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Catalog Data

Creator:
Meigs, Montgomery C. 1816-1892  Search this
Vanderlyn, John 1775-1852  Search this
Jarvis, Leonard 1781-1854  Search this
Chapman, John  Search this
Physical description:
3 Letters : written in ink
Type:
Correspondence
Place:
U. S. Capitol
Date:
1837
1837-1853
19th century
Notes:
Thomas B. Brumbaugh research material on Abbott Handerson Thayer and other artists, 1876-1994 (bulk 1960s-1994); e Also located at; a Archives of American Art, Smithsonian Institution.
General Montgomery Cunningham Meigs was Quartermaster General of the United States Army during and after the American Civil War. He was responsible for the purchase and distribution of supplies to the Union troops. Meigs was also an engineer and architect, and before and after the war, he supervised numerous projects throughout Washington, D.C. as part of the Army Corps of Engineers. He supervised the construction of wings and the dome of the Capitol building and the expansion of the General Post Office building. Meigs designed the Old Pension Office Building. His most amazing contribution to the city, however, was the Washington Aqueduct. Interestingly, it was Meigs who suggested to Abraham Lincoln that Arlington would be a good place for a cemetery. Meigs is buried there.
Leonard Jarvis was an American politician who served in Congress from 1829 to 1837. He was chairman of the Committee on Naval Affairs for some time. This contract is signed by him.
John Vanderlyn was an American neoclassicist painter who painted portraits of politicians in the early 19th century. He was commissioned by Congress in 1842 to paint the landing of Columbus. This painting was later reproduced on a stamp. This painting was commissioned for the renovation of the rotunda in the Capitol Building.
John Chapman was an American congressman who represented Pennsylvania. He worked as a judge before being elected to the House of Representatives.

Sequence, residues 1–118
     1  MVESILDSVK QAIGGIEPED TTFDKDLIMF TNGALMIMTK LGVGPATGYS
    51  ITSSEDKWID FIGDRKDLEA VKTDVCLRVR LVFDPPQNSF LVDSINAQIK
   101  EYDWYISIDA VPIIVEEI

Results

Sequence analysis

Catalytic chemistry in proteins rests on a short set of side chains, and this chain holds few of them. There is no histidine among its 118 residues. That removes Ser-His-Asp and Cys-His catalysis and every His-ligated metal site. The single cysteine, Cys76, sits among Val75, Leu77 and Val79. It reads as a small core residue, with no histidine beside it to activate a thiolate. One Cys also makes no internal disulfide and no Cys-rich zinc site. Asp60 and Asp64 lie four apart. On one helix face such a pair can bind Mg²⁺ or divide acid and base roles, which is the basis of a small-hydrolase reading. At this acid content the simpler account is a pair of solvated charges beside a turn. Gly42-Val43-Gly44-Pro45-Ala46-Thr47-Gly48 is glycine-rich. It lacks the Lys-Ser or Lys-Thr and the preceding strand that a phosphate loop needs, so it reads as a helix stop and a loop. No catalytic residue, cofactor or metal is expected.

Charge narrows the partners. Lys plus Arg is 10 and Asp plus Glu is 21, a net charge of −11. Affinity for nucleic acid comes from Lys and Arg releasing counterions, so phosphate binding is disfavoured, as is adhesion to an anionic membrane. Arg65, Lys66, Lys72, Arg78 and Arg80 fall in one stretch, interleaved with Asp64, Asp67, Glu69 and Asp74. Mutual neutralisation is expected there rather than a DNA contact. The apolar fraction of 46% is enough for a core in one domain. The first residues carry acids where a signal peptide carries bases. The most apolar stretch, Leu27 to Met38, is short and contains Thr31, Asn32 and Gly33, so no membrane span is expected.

Gift of Susan A. Hobbs.
Organization:
Organized chronologically
Summary:
This folder houses a series of letters referencing the building and renovation of the United States Capitol Building, most of which are from architects who worked on the project. One of the contracts orders iron beams for use in extending the Capitol building in 1857, during the second remodeling.
Cite as:
Thomas B. Brumbaugh collection of 19th and 20th century American artists' correspondence 1831-1979. Freer Gallery of Art and Arthur M. Sackler Gallery Archives. Smithsonian Institution, Washington, D.C. Gift of Susan A. Hobbs, 2009
Repository Loc.:
Smithsonian Institution, Freer Gallery of Art and Arthur M. Sackler Gallery Archives, 1050 Independence Avenue, S.W., Washington, DC 20013-7012
Local number:
FSA A2009.06 7
Restrictions & Rights:
Access is by appointment only, Monday through Thursday 10:00 a.m. to 5:00 p.m. Please contact the Archives to make an appointment: AVRreference@si.edu
Permission to publish, quote, or reproduce must be secured from the repository
See more items in:
The Brumbaugh Collection of Artist Letters
Data Source:
Freer Gallery of Art and Arthur M. Sackler Gallery Archives
EDAN-URL:
edanmdm:siris_arc_289811